Iowa Democrat Tom Miller, the longest-ever serving state attorney general who took on everyone from Big Tobacco to
Miller conceded a close race Tuesday to Brenna Bird, a candidate endorsed by Donald Trump who has served as the elected Guthrie County attorney since 2018. Bird previously was a counsel to former Gov. Terry Branstad (R).
Miller’s high-profile role in multistate litigation gave his office unusual influence. “He became a very significant national legal figure,” said James Tierney, a Harvard Law School lecturer and former Maine attorney general, who donated to Miller’s campaign. “Iowa punched way, way over its weight.”
Miller also became a target for criticism from Republican elected officials in Iowa. He brokered a deal in 2019 with Republican Gov. Kim Reynolds, promising to ask for the governor’s permission before joining any multistate suits. In exchange, Reynolds vetoed a bill brought by Iowa’s Republican-controlled legislature that would have limited Miller’s powers.
“I’m very thankful to the voters who gave me the chance 10 times, 40 years to be attorney general, it’s just a wonderful office and I’m deeply indebted to Iowans,” Miller said in comments broadcast by television station KCCI.
Bird, a University of Chicago Law School graduate, challenged Miller in 2010 and lost by 11 percentage points. This time, she emphasized her role as a county prosecutor and support for law enforcement while promising to take the Biden administration to court.
The Republican Attorneys General Association said it spent $2.6 million to support Bird’s campaign and Trump endorsed her as a “tough-as-nails” prosecutor. The Democratic Attorneys General Association spent more than $1 million on the Miller effort, it said.
Bird will join a caucus of Republican state attorneys general who have aggressively filed suit to challenge Biden administration priorities ranging from Covid-19 vaccine mandates to environmental regulation.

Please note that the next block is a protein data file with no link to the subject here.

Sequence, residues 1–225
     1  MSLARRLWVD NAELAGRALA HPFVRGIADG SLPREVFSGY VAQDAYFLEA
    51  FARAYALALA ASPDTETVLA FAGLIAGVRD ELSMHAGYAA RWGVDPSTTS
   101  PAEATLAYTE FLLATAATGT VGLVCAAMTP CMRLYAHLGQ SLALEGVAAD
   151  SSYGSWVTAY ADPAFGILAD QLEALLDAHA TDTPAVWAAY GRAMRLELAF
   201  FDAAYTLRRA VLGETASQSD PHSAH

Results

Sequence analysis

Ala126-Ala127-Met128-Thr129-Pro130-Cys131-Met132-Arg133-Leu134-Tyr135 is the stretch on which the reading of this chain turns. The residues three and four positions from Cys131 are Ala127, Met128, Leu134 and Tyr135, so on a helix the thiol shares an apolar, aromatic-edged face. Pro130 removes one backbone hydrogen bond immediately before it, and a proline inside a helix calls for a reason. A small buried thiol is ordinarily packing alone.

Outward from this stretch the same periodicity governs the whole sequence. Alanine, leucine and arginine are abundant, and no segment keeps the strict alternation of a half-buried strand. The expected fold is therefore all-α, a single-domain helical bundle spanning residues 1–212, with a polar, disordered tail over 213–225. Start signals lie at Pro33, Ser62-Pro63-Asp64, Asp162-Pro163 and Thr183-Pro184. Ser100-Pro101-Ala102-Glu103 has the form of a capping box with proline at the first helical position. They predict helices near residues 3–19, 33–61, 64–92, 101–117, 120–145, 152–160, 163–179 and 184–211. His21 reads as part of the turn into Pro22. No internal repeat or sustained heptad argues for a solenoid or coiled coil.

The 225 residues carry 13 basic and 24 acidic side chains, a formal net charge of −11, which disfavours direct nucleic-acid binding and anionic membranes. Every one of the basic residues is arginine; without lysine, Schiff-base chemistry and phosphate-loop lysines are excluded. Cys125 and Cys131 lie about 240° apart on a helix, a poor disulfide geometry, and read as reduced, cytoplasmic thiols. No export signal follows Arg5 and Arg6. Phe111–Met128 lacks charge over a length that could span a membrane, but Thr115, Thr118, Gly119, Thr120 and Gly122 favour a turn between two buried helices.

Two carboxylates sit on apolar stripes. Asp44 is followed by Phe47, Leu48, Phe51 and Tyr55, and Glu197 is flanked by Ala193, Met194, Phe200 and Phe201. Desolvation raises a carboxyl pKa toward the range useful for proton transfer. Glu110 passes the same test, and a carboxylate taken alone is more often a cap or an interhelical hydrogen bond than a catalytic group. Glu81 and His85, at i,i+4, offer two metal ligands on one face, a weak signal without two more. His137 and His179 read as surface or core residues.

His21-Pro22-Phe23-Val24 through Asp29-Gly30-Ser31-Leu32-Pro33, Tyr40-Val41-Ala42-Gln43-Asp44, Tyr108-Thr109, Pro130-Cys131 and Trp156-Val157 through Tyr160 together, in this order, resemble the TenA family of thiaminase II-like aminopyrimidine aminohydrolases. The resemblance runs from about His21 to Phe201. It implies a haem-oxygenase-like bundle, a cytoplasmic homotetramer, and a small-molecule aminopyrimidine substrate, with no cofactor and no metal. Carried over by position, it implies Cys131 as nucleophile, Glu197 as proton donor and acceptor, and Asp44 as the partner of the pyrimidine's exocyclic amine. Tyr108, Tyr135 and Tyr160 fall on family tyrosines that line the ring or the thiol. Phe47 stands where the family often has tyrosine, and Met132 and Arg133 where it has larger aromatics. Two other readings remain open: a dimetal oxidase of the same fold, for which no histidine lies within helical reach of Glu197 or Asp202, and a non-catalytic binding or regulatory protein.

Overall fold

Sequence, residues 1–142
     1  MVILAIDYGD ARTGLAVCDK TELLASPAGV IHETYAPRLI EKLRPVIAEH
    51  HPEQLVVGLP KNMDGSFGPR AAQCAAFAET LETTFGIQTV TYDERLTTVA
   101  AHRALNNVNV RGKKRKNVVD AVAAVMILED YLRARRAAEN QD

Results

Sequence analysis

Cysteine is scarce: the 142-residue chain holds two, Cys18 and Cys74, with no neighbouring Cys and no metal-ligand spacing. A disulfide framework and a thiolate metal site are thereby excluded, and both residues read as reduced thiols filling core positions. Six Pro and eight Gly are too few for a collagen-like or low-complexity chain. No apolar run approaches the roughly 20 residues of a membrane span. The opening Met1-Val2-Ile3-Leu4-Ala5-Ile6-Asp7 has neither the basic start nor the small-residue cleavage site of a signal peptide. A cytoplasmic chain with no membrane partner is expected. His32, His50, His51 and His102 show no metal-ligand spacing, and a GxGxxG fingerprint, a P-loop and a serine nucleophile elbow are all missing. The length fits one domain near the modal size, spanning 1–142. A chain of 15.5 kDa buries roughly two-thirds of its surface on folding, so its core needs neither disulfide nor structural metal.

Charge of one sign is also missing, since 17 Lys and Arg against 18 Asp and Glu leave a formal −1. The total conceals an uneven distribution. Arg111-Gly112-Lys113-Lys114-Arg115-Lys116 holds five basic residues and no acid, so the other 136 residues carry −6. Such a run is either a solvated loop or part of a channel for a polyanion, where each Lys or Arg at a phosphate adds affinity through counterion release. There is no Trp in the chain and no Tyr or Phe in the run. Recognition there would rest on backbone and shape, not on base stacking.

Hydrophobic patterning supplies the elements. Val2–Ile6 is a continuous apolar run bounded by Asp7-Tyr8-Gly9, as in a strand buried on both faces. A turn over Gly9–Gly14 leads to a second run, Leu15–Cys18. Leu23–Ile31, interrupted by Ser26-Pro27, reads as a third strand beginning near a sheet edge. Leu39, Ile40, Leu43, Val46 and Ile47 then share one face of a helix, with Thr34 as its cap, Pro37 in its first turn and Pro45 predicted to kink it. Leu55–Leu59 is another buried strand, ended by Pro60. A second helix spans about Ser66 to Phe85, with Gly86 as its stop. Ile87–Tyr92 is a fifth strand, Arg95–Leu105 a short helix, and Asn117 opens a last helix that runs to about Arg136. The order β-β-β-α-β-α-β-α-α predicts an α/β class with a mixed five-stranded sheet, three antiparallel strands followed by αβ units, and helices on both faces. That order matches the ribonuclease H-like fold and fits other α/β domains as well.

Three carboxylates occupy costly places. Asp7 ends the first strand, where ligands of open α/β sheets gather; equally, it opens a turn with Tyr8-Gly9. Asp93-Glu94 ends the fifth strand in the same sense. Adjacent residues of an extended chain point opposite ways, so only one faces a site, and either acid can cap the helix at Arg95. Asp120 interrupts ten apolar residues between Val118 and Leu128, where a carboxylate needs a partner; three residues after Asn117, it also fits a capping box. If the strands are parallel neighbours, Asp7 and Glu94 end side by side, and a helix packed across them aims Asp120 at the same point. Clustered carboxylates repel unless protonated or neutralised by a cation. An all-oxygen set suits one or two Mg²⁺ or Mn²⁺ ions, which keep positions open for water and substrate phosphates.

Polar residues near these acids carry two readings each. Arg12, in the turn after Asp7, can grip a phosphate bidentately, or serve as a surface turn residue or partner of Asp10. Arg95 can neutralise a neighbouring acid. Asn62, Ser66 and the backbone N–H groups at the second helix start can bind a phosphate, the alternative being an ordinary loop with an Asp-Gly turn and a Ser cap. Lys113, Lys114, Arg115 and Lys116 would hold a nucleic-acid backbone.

Miller leads Iowa’s participation in two coalitions of state attorneys general suing Google over alleged antitrust violations. One case targets the search giant’s alleged exclusionary control over the Google Play Store on Android devices, the other alleges it illegally dominates the market for online search and advertising services.
Miller’s defeat likely doesn’t signal much of a change in Iowa’s participation in future multistate antitrust suits, said Gwendolyn Cooley, Wisconsin’s assistant attorney general for antitrust. The Wisconsin AG’s office worked closely with Miller’s team over the years, she said.
“I think that from an antitrust perspective, you should still expect to see coordination with other states on issues important to Iowa, as well as local investigations of antitrust being handled capably by their office,” Cooley said.
Miller established the nation’s first farm division in a state attorney general’s office and pushed back against corporate consolidation in the agriculture industry. His focus on farmers “will be very hard to replace,” said Aaron Heley Lehman, president of the Iowa Farmers Union.
Miller grew up in Dubuque and attended Harvard Law School before working as an AmeriCorps VISTA volunteer and legal aid attorney in Baltimore. He returned to Iowa and opened a law practice in McGregor, a northeastern Iowa town with a population of less than 1,000.
Miller served as city attorney before getting elected state attorney general in 1978. Miller unsuccessfully ran for governor in 1990 and then spent four years in private practice. He was re-elected as attorney general in 1994.
His decades of successful multistate investigations date to challenging a 1977 Oldsmobile advertisement for a “rocket” engine.
Miller later employed the model against
“Doing things together on a multistate basis has enormous power,” Miller said in a 2019 interview with Bloomberg Law. “We are the only ones in the country that have the same job and the same concerns and pressures,” he said.
—With assistance from Courtney Rozen and Dan Papscun